Apr. 15, 2018

Hiding the truth, at least for a while...

The Further Adventures of Sherlock Holmes: Murder at Sorrow’s Crown by Steven Savile and Robert Greenberger

What could be behind the death of a soldier that warrants a conspiracy?

A lady shows up at Baker Street asking Holmes for help in finding out the truth about her son. He was part of the Boer War in South Africa, and her majesty’s government lists him as MIA. She has been told that they are listing him as a deserter, something that neither she nor anyone who knew the lad will accept…

Somehow all of this ties in with the death of Benjamin Disraeli…

When Holmes and Watson begin to investigate, they are attacked again and again. Some of their attackers are trained assassins from India. Holmes and Watson are waylaid both together and on their own.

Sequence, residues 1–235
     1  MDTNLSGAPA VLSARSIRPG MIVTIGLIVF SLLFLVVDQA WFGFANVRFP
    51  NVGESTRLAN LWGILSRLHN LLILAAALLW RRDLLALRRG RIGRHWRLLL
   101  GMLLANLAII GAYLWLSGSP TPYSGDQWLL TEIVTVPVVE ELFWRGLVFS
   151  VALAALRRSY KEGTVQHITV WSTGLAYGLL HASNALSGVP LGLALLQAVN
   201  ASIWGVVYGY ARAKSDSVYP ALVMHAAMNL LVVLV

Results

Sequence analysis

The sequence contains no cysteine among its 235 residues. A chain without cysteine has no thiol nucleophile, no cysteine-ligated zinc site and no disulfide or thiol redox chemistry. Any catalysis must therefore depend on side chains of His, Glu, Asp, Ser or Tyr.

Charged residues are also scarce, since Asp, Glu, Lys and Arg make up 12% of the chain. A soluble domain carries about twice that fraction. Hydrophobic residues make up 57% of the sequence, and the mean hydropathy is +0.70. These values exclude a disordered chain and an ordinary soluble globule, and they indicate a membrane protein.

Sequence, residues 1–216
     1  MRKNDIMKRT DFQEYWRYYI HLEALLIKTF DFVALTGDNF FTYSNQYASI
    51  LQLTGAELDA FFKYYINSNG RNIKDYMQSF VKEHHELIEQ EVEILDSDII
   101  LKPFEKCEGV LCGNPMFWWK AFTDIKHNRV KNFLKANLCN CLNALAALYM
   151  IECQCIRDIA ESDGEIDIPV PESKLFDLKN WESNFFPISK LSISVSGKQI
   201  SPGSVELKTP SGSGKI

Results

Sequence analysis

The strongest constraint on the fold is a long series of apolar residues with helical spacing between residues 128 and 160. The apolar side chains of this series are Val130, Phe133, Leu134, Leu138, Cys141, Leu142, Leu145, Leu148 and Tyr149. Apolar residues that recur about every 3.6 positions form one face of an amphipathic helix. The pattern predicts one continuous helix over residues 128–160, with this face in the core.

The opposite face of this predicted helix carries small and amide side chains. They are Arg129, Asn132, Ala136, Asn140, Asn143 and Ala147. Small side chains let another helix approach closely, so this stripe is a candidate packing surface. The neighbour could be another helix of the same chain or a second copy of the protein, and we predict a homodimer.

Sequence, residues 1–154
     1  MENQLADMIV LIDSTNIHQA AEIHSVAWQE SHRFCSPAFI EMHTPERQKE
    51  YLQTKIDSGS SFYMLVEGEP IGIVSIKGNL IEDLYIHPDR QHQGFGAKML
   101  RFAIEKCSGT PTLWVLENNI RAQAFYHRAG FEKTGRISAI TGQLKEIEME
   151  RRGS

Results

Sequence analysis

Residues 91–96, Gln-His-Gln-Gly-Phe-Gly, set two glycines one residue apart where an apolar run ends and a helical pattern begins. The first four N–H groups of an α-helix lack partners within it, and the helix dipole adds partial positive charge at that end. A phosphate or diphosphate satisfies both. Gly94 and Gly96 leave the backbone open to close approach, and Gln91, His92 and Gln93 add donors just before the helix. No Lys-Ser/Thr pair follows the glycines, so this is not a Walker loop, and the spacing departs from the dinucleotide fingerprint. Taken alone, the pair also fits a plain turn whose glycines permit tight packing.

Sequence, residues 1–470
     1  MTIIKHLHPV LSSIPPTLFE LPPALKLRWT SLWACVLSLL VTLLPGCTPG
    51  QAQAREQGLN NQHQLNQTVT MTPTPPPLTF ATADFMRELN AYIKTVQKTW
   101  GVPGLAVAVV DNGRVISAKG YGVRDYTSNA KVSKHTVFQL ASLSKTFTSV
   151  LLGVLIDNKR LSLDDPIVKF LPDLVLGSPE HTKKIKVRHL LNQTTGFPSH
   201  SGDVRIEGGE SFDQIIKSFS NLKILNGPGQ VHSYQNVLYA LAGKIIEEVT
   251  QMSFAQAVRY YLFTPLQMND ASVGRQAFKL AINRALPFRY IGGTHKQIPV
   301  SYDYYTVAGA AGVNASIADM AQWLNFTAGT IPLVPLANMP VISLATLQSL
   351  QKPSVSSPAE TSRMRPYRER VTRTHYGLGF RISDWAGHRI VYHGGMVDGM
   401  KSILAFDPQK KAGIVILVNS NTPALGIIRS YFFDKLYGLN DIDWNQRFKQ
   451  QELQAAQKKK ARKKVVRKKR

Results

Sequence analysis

The premise of this novel is that it records a truth that the government and the crown want to be buried. It could not have been published at the time, and in fact, Watson is warned in no uncertain terms not to publish, and his notes are confiscated by Whitehall…

The story is written in two parts. The first gives detail as the case developed. This part was taken away by a very serious agent who works for Mycroft. The second is written six months to a year after the case was finalized. Watson refuses to change the names of persons involved or to sugarcoat the alarming facts. He says the world needs to know the truth, and that by the time this case will be allowed to be published it will no longer matter.

This is a very dark case. The Boer War saw many British soldiers killed. There were battles where Britain found themselves on the losing side. This story deals with matters of national defense and raises questions about the death of Benjamin Disraeli. The question really is: What if?

I give the book four stars…

Quoth the Raven…

Buy it here>